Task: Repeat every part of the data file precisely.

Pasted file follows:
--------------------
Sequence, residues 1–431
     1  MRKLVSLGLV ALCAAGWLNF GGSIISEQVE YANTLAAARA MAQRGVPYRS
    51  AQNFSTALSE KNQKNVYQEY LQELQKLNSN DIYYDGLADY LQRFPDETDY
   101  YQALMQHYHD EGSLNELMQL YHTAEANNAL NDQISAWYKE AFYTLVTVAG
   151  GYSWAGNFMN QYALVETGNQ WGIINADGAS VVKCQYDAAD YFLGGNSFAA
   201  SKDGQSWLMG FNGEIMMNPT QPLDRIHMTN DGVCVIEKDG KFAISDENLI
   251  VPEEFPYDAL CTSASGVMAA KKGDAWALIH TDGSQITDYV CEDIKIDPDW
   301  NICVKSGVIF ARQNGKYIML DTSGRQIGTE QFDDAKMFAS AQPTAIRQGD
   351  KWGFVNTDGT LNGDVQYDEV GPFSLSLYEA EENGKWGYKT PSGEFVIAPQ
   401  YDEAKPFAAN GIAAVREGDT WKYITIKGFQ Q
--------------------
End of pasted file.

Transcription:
Sequence, residues 1–431
     1  MRKLVSLGLV ALCAAGWLNF GGSIISEQVE YANTLAAARA MAQRGVPYRS
    51  AQNFSTALSE KNQKNVYQEY LQELQKLNSN DIYYDGLADY LQRFPDETDY
   101  YQALMQHYHD EGSLNELMQL YHTAEANNAL NDQISAWYKE AFYTLVTVAG
   151  GYSWAGNFMN QYALVETGNQ WGIINADGAS VVKCQYDAAD YFLGGNSFAA
   201  SKDGQSWLMG FNGEIMMNPT QPLDRIHMTN DGVCVIEKDG KFAISDENLI
   251  VPEEFPYDAL CTSASGVMAA KKGDAWALIH TDGSQITDYV CEDIKIDPDW
   301  NICVKSGVIF ARQNGKYIML DTSGRQIGTE QFDDAKMFAS AQPTAIRQGD
   351  KWGFVNTDGT LNGDVQYDEV GPFSLSLYEA EENGKWGYKT PSGEFVIAPQ
   401  YDEAKPFAAN GIAAVREGDT WKYITIKGFQ Q